Of course if you have the money, you can find anything…including new tubes of Nomad. But with the cheapest being $62 and going up from there, it’s really not worth it, IMHO. 

So that leaves tubes at the bottom of the “economical scale” if you want to use all the cream inside. 

Summing Up

Will I be grabbing the tin snips when I can’t force/squeeze any more cream out of the Crabtree and Evelyn tubes, you bet your life. Does it make me wish I had bought the shave soap instead? Yep. I know I could use every last little bit, enjoying each shave.

So when you go shopping for your next soap or cream, think about not just the price per ounce… but if you will be able to use all of it…with nothing going to waste. And that’s economical in my book.

Jay Harrell

Jay Harrell

11 thoughts on “What’s The Most Economical Storage For Soap/Cream?”

  1. Great article, i miss my Crabtree and Evelyn Sandalwood! I love my Tabac. I thought i was the only one, i scrape everything. Most times i will put a few drops of hot water in the tub then take a shower while letting my brush soak so once out of the shower, ready to go. Im using a straight razor more than anything, particularly a vintage Bismark.

  2. Ways to have more fun. Find a local shave budy with a similar taste and start swapping 50% of your new soap for 50% of his new soap. Also makes volumes more interesting. And if you want cream proraso makes some 500ml tubes.

  3. You also have to consider that the harder the soap is the longer it tends to last. That is why Arko stick is double cheap.
    Some Italian brands like cella and Vitos sell 1kg bricks for pro use. But you could slice some off and remold it to a stick and put the rest in the fridge. Hard soaps tend to stay ok, softer croaps and creams are more likely to spoil.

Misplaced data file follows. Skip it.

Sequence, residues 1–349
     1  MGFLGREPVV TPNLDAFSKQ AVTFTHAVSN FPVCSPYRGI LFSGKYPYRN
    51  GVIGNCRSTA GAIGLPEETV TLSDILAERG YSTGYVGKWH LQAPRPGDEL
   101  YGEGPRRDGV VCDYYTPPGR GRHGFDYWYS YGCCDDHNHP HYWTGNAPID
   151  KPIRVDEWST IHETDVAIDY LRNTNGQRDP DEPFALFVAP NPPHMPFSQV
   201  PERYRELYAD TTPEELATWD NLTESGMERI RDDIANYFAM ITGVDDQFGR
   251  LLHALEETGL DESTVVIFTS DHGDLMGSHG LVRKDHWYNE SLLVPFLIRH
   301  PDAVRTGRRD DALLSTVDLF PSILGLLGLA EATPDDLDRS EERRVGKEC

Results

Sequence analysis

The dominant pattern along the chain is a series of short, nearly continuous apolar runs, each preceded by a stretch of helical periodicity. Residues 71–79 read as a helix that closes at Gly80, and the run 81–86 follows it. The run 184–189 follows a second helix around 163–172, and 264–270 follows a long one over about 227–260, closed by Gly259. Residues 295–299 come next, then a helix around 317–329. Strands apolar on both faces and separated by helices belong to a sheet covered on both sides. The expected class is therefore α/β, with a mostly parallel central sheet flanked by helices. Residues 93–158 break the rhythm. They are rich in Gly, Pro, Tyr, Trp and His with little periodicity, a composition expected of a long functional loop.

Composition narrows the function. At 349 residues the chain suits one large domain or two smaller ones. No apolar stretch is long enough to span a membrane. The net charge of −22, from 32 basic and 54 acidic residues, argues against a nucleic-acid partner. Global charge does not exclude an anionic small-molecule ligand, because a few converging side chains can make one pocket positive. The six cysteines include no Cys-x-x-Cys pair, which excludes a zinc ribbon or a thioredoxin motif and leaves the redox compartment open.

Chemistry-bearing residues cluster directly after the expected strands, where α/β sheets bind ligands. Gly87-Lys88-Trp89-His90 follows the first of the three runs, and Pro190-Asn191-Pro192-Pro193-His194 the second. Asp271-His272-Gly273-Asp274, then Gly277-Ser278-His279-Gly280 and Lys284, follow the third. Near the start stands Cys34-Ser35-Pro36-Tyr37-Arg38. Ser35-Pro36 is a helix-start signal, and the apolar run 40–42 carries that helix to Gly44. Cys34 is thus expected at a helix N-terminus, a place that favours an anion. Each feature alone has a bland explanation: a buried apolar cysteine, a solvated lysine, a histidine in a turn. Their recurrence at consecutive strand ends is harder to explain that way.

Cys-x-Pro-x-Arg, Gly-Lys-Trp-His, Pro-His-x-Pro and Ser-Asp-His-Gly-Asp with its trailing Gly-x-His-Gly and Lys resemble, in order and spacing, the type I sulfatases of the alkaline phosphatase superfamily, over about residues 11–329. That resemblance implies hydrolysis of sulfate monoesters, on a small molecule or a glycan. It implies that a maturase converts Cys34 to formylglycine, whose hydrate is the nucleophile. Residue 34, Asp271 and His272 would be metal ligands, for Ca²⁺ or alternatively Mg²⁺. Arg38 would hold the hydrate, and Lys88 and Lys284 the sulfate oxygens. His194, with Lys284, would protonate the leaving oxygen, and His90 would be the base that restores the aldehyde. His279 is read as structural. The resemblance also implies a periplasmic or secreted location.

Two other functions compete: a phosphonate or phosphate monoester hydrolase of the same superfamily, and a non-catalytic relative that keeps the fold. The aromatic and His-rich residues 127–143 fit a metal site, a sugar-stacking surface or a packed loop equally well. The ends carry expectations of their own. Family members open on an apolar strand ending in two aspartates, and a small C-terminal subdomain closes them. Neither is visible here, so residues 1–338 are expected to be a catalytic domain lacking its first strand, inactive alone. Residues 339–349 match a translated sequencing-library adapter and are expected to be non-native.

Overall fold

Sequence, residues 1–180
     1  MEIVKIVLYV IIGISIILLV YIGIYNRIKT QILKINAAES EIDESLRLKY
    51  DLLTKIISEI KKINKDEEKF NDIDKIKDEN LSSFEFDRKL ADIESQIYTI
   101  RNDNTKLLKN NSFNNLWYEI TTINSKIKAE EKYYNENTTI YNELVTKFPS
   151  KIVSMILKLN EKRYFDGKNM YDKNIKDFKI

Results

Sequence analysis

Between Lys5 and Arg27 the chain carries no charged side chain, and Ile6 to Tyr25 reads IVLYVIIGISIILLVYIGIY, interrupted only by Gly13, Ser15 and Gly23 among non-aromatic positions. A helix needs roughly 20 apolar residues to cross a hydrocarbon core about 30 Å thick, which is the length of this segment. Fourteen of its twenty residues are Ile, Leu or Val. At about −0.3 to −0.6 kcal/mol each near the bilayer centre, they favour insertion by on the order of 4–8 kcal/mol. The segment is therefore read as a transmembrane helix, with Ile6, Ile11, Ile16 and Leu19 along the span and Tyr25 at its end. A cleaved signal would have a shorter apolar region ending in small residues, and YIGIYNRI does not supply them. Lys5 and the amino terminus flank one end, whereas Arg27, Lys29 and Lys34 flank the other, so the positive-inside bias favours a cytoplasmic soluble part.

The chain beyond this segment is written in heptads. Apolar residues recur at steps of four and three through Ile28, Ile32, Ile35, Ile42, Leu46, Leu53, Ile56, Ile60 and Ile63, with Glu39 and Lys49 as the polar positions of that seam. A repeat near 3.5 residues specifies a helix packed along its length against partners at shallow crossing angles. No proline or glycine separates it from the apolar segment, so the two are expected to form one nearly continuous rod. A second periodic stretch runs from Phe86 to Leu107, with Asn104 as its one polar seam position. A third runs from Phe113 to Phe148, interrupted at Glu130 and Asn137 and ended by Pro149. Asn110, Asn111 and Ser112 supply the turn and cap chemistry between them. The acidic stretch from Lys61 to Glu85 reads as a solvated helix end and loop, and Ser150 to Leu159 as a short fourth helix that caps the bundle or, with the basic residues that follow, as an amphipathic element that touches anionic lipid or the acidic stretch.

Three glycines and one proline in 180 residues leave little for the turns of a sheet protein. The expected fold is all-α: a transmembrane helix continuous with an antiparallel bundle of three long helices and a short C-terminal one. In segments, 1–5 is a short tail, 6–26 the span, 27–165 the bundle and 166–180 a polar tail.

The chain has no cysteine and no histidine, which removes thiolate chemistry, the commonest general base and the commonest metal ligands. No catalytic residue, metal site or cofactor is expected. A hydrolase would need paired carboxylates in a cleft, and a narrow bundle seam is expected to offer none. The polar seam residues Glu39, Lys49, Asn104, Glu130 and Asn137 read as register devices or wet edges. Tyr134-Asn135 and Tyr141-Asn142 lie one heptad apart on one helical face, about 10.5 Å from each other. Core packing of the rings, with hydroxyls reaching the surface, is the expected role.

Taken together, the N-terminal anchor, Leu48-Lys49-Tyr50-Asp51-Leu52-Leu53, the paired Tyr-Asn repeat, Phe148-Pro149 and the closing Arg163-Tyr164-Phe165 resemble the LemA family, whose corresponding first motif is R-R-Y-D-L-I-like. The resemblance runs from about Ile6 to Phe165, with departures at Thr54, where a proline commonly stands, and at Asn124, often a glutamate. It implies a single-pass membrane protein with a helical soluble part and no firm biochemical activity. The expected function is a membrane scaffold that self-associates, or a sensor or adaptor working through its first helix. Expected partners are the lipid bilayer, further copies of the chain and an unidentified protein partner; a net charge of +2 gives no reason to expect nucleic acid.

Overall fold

4. A quality hard soap. Like Martin De Candre or Saponificio Varesino. Even a Mitchell’s Woolfat. The brush load is not harsh and I am amazed how easy a lather builds on the face. The soaps lasts and lasts and lasts. Longevity at price per ounce imo is worth it.

  5. Interesting article. I have been wrestling with a similar problem recently. Should I use soap or the cream. For instance, Captain’s Choice makes an excellent Lime Cream and an equally excellent Lime Soap. While not as hard as a triple milled it is definitely firmer than a cream. The cream comes in a 4 ounce tub for $15.95 , or $3.99 per ounce and the soap in a 5 ounce tub for $18.95, or $3.79. A trivial difference? Maybe not when you consider that the cream has “water” as its first and presumably largest ingredient. The soap has “water” as its fifth and presumably fifth largest component.
    Logically I assume you are paying for the water in the cream more so then in the soap which you are providing free.
    I’m wondering if an ounce of the soap lasts longer than an ounce of the cream because you are adding the water to the soap to build up the volume when it is already there in the cream.
    Any advantage to the cream? Because it already has so much water in it it is much easier and faster to build a lather than the soap which does require more effort to get to lather. You pay for the convenience.

    1. I have to agree with paying for convenience. In one of my first articles I justified it as “I don’t have time to load a brush!”
      Now, 99% of all I use are soaps. I haven’t found, or really…haven’t looked, any creams that are made with tallow. I shave my head and tallow-based soaps are the best for my scalp.
      I believe that an ounce of soap will last more shaves than an ounce of cream. I may have to do a very un-scientific experiment soon!

  6. Ahhh! I totally skipped the pump! I have debated cutting open a Kiss My Face patchouli to get the last of it. Agreed, that is the most wasteful design. I have to admit I haven’t bought anything that used a pump since that one bottle of KMF.

  7. Nice article, but you neglected to report on the pump bottle. Taconic is one such producer. Great cream, but probably the most wasteful when it comes to product left in the container. One can exchange the pump top with a simple cap and turn the bottle upside down to get what is at the bottom of the bottle/container after the pump runs dry. Just unscrew the cap and shake out the product you need for the shave

    1. Though the most wasteful design, there are some good creams that come in a pump bottle. WM. Neumann had a great product. Sadly, they reformulated it and now it is not so good. However, Taconic is an excellent shave cream and is on the Sharpologist’s top shave cream list. Finally, as a fellow shower-shaver, I do find a pump delivery to be highly desirable.

      1. I can see that would be good for shower shavers. But after discovering what tallow does to my scalp, I’m only using soaps. It feels great post-shave. Are there any others that use a pump? Heck, I might have to try the Taconic.